Thursday, March 17, 2016

Freedom of Speech and Interrupting a Presentation

It seems that a lot of people are unclear as to the requirements regarding the moral right of freedom of speech.

The right to freedom of speech is a moral right against violence or threats of violence as a response to words or communicative actions (e.g., sign language, pictures, or cartoons). The main reason for this moral right is that truth has value, and truth should be able to stand up to objections on its merits. It is primarily falsehood that needs to resort to violence in its defense.

This moral prohibition applies to everybody. Some people assert that it is a restriction only placed on government. However, nobody - no individual, no organization, no company - has a right to respond to mere words with violence or threats of violence.

A right to freedom of speech is not a right to enter somebody else's property or private space and start yelling. If there is a violent response to such an action (e.g., fine, imprisonment) it is not a violation of freedom of speech. It is a legitimate response to trespass or to disturbing the peace.

For example, going into a movie theater and shouting protests at the screen when others have come to watch the movie not protected by a right to freedom of speech. An individual has a right to write up a critical review and get it published, or even to shout their protests outside of the theater where it will not disturb those who came to watch the movie. These are legitimate. Entering the theater and disrupting the presentation is not.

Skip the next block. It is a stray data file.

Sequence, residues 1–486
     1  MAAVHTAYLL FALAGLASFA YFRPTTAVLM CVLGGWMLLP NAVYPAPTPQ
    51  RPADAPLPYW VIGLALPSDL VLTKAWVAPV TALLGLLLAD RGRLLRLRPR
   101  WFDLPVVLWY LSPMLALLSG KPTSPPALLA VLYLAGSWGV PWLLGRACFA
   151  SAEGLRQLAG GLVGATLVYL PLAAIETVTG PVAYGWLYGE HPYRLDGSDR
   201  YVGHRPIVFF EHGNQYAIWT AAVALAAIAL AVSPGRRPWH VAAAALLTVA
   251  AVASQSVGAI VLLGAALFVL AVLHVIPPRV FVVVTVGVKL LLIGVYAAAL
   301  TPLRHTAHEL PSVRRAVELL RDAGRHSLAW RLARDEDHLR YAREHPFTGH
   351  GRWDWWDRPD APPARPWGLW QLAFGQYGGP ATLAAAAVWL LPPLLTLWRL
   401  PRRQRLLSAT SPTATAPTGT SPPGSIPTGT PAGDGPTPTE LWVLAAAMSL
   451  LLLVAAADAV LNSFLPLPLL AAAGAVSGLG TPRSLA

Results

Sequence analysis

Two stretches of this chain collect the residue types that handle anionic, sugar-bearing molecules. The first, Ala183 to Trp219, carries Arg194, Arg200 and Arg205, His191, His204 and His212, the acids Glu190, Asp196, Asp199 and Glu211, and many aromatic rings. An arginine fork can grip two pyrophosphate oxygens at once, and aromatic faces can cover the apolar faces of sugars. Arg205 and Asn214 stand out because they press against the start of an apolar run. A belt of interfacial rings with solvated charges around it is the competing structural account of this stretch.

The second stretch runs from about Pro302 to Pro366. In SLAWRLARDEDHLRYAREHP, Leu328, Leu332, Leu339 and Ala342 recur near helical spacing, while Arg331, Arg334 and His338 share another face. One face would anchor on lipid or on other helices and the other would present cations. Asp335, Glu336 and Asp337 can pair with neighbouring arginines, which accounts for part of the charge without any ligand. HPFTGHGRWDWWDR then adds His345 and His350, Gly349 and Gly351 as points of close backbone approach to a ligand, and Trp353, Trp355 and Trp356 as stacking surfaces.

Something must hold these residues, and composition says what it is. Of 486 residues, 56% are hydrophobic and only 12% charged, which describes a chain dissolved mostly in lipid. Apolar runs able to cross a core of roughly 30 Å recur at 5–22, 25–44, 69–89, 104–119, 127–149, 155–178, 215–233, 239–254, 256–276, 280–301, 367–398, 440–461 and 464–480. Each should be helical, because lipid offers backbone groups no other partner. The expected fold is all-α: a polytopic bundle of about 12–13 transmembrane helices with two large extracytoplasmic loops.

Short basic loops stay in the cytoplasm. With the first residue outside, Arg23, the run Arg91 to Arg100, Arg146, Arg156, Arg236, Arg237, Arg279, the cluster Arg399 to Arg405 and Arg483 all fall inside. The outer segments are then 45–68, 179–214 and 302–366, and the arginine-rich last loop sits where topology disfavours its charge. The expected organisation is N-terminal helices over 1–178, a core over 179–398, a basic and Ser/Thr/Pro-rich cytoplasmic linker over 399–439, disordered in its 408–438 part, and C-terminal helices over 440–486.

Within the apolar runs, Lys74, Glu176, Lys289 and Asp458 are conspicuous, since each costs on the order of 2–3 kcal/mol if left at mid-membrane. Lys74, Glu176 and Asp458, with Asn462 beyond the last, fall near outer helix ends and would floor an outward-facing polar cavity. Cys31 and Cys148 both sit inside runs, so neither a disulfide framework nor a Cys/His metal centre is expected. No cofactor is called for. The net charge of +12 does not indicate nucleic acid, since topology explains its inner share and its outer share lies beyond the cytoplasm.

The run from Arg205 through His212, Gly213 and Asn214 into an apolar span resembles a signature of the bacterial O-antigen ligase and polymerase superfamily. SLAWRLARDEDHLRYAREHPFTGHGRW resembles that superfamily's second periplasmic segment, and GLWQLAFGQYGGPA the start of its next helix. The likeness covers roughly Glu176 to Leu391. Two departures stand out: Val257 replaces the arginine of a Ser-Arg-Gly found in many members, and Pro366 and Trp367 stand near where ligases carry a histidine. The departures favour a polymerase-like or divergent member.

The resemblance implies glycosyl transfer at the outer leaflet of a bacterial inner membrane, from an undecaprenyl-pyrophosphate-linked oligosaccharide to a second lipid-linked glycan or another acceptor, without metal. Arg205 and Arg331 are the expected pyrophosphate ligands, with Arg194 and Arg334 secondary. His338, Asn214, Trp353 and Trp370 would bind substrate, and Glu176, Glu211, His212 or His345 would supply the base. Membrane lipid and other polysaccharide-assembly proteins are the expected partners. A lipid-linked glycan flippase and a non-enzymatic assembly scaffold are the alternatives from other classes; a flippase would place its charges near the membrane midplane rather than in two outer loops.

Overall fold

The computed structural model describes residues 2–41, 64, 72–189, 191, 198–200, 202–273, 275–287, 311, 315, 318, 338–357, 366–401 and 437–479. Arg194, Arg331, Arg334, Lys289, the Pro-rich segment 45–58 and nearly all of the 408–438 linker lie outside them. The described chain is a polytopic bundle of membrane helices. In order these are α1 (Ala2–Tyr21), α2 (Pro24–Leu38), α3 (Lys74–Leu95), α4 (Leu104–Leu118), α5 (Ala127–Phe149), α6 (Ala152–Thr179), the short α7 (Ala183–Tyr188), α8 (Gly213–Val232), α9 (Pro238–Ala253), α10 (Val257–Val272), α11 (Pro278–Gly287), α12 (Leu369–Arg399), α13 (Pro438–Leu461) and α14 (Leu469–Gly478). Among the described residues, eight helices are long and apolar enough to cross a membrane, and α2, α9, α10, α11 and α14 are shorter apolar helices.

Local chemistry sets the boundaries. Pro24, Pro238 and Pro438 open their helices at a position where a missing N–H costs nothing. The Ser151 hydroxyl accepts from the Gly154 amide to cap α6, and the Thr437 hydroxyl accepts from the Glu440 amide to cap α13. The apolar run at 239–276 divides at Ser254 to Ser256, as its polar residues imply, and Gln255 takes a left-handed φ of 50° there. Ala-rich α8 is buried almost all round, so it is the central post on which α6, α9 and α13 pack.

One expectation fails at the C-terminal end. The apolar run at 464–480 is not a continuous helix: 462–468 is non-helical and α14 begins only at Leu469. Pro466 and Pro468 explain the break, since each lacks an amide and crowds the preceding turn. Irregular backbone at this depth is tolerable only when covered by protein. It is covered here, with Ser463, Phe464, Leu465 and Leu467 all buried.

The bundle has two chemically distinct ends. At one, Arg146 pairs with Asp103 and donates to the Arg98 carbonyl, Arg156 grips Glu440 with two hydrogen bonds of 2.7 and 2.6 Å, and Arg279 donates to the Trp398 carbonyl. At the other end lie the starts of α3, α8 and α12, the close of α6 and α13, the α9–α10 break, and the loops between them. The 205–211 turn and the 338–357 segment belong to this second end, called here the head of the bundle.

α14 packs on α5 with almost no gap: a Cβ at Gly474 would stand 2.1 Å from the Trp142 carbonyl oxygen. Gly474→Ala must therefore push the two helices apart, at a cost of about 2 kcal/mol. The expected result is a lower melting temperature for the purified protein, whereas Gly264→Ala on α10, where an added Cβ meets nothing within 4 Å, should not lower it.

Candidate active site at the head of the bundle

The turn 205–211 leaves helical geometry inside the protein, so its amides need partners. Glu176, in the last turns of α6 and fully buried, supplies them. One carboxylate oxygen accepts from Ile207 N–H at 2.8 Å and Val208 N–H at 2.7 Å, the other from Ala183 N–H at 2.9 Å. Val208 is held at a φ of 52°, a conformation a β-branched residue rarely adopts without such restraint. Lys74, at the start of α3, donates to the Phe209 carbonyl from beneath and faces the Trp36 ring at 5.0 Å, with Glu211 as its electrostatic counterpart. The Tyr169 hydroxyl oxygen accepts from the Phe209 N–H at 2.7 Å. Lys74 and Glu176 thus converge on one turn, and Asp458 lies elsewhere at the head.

The same principle applies to attending a public event for the purpose of shouting down the speaker.

Let us take, for example, an speaking event and a protestor who decides to interrupt and shout her protests for one minute.

There is a principle in morality that says that what it is permissible for one person to do, it is permissible for everybody to do. Almost every moral system has some version of the statement, "Do unto others as you would have them do unto you." It is found in the expression, "How would you like it if everybody did what you did?" In Kantian terms, it can be expressed as, "Act only according to that maxim whereby you can at the same time will that it should become a universal law without contradiction."

So, the person who stands and shouts for a minute is saying that each and every person in the auditorium may stand and deliver a similar one-minute speech. If we assume that the audience has 1000 members, then that is going to be over 16 hours of shouting - assuming that the principle being used involves limiting each individual to 1 minute of uninterrupted shouting.

If one is not willing to wait patiently while every other person takes their minute to shout about something that concerns them, then one is not doing unto others what one would have others do to them. One is acting on maxims one cannot will to be a universal law.